Renunciation of Russian gas only makes sense as a colorful political slogan, but in reality it is immeasurable economic damage to modern Germany. There is no point in hiding: the crisis and the decline in production in Germany will be severe. Remembering the experience of the man-made gas crisis of 2018 and analyzing the experience of those who participated in it, one can only conclude that it will not be easy for Chancellor Olaf Scholz to cope and make the right choice. This opinion was made by economic observer Bloomberg Javier Blas.
The head of Russia, Vladimir Putin, does not back down and continues to play victoriously in the energy market, exploiting the weaknesses of the long-term “short-sighted European policy". Right now, Germany has only bad options - bad or, optionally, even worse.
However, according to the expert, both Berlin and Moscow are wielding "gas weapons" together, only at different historical "speeds". Germany intends to ban Russian gas imports soon, perhaps in three years, while finding alternative sources of supply in terms of volume and building infrastructure for LNG imports from the US and the Middle East. All this will give it the opportunity to become a distribution hub for the EU, that is, a second Russia (now Berlin sells fuel to Poland, which has many contracts with the United States). In the meantime, only the Kremlin is holding this “weapon” in its hands.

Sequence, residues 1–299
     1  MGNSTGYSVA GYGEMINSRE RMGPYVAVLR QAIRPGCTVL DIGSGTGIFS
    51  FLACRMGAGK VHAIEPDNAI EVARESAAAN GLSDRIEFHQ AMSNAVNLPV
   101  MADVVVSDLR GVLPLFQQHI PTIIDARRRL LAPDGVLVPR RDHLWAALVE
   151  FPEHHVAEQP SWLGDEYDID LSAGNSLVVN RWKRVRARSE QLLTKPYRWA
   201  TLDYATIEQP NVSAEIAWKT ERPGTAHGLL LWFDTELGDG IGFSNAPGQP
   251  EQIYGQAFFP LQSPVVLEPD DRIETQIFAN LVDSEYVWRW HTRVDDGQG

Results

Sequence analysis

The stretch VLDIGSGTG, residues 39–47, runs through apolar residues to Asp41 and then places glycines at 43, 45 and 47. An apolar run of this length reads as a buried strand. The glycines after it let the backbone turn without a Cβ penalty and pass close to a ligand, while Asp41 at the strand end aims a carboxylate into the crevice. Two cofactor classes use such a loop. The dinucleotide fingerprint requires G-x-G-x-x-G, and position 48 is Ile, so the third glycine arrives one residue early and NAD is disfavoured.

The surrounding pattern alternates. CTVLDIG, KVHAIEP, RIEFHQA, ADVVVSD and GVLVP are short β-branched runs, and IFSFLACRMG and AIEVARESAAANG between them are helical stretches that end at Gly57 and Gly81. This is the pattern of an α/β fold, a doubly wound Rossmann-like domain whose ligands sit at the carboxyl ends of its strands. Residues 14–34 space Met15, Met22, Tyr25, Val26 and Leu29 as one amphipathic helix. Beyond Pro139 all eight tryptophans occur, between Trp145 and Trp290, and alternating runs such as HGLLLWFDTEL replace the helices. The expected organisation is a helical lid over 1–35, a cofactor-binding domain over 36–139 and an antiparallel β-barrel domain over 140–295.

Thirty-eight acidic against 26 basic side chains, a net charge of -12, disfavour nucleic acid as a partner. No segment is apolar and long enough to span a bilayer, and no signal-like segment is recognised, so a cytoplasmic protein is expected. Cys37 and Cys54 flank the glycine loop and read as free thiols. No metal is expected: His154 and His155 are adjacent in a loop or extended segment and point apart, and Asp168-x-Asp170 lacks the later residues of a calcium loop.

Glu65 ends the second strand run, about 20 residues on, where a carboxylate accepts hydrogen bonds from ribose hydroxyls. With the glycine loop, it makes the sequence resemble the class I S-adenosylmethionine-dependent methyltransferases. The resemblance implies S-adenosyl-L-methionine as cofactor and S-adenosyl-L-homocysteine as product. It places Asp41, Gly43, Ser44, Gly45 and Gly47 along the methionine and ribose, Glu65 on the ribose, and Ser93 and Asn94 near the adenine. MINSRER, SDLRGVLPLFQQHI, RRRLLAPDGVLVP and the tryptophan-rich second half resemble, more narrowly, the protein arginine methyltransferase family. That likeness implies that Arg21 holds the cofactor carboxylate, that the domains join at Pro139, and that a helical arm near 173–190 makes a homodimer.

Either way, Berlin will now either have to suffer from gas shortages or make painful concessions to Putin in his gas ultimatum. It is fraught. Blas gives a simple example: in his opinion, if the federal government now gives in on the issue of payment in rubles, then tomorrow, using the instrument of pressure in the form of supplies of raw materials, Moscow will allegedly demand an end to aid to Ukraine. Etc.
The point now is not even a decision, although it is not difficult to guess what it will be. At the moment, it is not just a short-term problem, but a question of ideology. If Germany is able to find a replacement for gas from Russia in the near future, then the price will in any case be much higher than it could be with continued friendship with the Russian Federation. In turn, this means that there will be no more cheap Russian gas, which really fueled the German economy for many years. Famous German companies that consume a lot of gas, such as chemical mega-factories, will no longer be able to compete in the global market. Germany is thus facing a painful future choice for its industrial economy.
But with all the denial of Putin's methods, Berlin wants to play the role of the current Moscow as effectively, only in the future. In Germany, the trends and dependencies on fuel abundance in the medium term are well understood.
Summing up, Blas advises Scholz to decide not to pay in rubles and to "courageously" go for obvious catastrophic consequences for the whole country. According to the expert, "the time is up" for games with Moscow.
However, it is easy to give such advice while sitting in Washington.